How to get your kids into climbing

Keen to help your nippers embark on a great summer mountain activity? Read on...

a pre-teen on a rock face, the sun shining over a peak in the far distance

Start with ‘why’?

Who didn’t love climbing trees as a kid? Add swinging around on ropes, fancy technical gizmos and some cerebral (as well as physical) challenges, and we have an intoxicating and rewarding activity. It’s a perfect ‘summer in the mountains’ sport once the snow melts – you’ll find climbing walls and scrambles all across the Alps, and almost every alpine resort now has a via ferrata (ask the local guides office for info – it’s usually in the same place as the winter ski school).

Areas like the Dolomites are a veritable Mecca for via ferrata and rock climbing. Meanwhile, Innsbruck has a world class climbing wall.

If you want to get your kids into climbing to share your own personal passion for the sport then that’s great. But be careful to ensure you do it in a way that works for their agenda, not yours…

young child smiling and holding onto rock wall mid-climb

Play their way

The key is to give children as much control as you can possibly delegate regarding where to go, how long to do it for, and when to stop. And always keep it FUN.

In the same way that early family ski trips should be about the sledging and snowmen, make a family climbing holiday as much about sandpits and hanging out in the swimming pool at the campsite.

While we may be big kids, children are NOT just small adults: they frequently just want to play. We lived by a simple mantra when our kids were small – make it fun; make it achievable; and stop before they’ve had enough!

Look into local clubs, too. Other than skiing, I have yet to find an activity that kids would like to do all day every day, especially with their parents, rather than their mates. To that end, finding our tribe (e.g. I feel like I belong in a climbing wall – I don’t belong in a swimming gala) in our formative years is so important, and our clubs and activities really help with that.

Know where to start

Bouldering (climbing freely on short/small boulders and artificial structures) is probably the simplest and purest form of the sport. All you need is a pair of rock shoes at most. The great news for us parents is that the kids can usually jump and land way better than we can – and we can catch them when they are small. If you’d like to start indoors, it is easier than ever to find a local climbing wall. There you will find a weather proof activity, anytime of day, and help to get you started. You can do just as well outdoors, with some great natural boulders to combine with a picnic in the Peak District.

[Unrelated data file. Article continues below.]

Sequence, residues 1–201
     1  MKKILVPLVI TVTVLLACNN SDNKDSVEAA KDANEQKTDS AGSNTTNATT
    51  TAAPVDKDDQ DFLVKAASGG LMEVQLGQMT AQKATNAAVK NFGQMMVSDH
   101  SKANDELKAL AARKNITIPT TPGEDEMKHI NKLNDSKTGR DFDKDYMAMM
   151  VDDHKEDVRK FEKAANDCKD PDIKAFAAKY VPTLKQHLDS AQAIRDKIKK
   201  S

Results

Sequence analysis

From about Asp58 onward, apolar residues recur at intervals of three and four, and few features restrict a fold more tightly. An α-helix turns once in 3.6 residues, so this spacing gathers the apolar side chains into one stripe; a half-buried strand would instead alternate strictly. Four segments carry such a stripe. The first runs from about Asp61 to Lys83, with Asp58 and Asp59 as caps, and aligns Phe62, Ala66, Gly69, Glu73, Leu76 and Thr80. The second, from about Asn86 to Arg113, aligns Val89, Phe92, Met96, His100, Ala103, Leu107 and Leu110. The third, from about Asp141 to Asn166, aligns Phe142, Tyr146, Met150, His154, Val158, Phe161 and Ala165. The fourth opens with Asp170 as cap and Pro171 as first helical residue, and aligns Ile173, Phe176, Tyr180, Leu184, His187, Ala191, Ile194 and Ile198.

In the Alps, Austria is littered with resorts that offer an equally good family holiday in summer – wonderful bouldering, child-friendly (well-bolted) sport crags, plus great biking and lakes to swim in.

A personal favourite at any time of year is Andermatt in Switzerland. After the skiing is finished, the area offers superb climbing on immaculate golden granite, with a variety of family-accessible huts to base yourself and explore.

Variety is the spice of life

One of the great things about climbing is the sheer variety. It can be anything from a short gymnastic test-piece in a climbing wall to a long and lofty steep picnic in the mountains. The most important things we can do for our kids is give them opportunities and open their eyes to everything that’s on offer – along the way equipping them with the technical and mental skills to safely handle the situations they find themselves in.

Introducing ropes in the great outdoors will inevitably slow things down, so make sure they are good and ready for this level of technical challenge.

Take safety seriously

Kids simply don’t have the mental capacity to fully anticipate the consequences of their actions until later in life. Some of us never quite learn… Anyone who has taught their kids to drive will recognise that they don’t necessarily take the best advice from their parents. If you are part of a club or group, be ready to delegate to other responsible and competent adults, whom you trust.

Kids have the right to take part in any new sport or activity, without coming to any mental, as well as physical, harm. So go easy on them and make sure whatever you plan is age and stage appropriate to their development. Remember, nobody likes being out of control and feeling incompetent. But gravity never takes a day off, so there are things we need to learn, from how to fall and land safely, to holding each other’s ropes. If you feel like you need a bit of help with this, you might like to find a qualified and competent instructor.

Sustainable habits

If your nipper’s had a taste of climbing and wants to keep it up, you might like to find a club. If your kids are keen to become competent in their own right then, like many sports, climbing has a structured progression scheme.

The National Indoor Climbing Award Scheme (NICAS) is run at many climbing walls around the UK, and will give them a basis in the skills they need to climb for life.

a young child and two adult on a via ferrata climbing route

Useful links

The British Mountaineering Council has a great guide for parents. If you’re lucky enough to live in Scotland, see Climb Scotland for guidance, workshops and a path into competitions.

What are you waiting for?

Martin Chester (usually our Backcountry Editor) is also the Coaching Development Officer for Mountain Training and an International (IFMGA) Mountain Guide. He teaches rock climbing and scrambling from his home in North Wales throughout the summer months.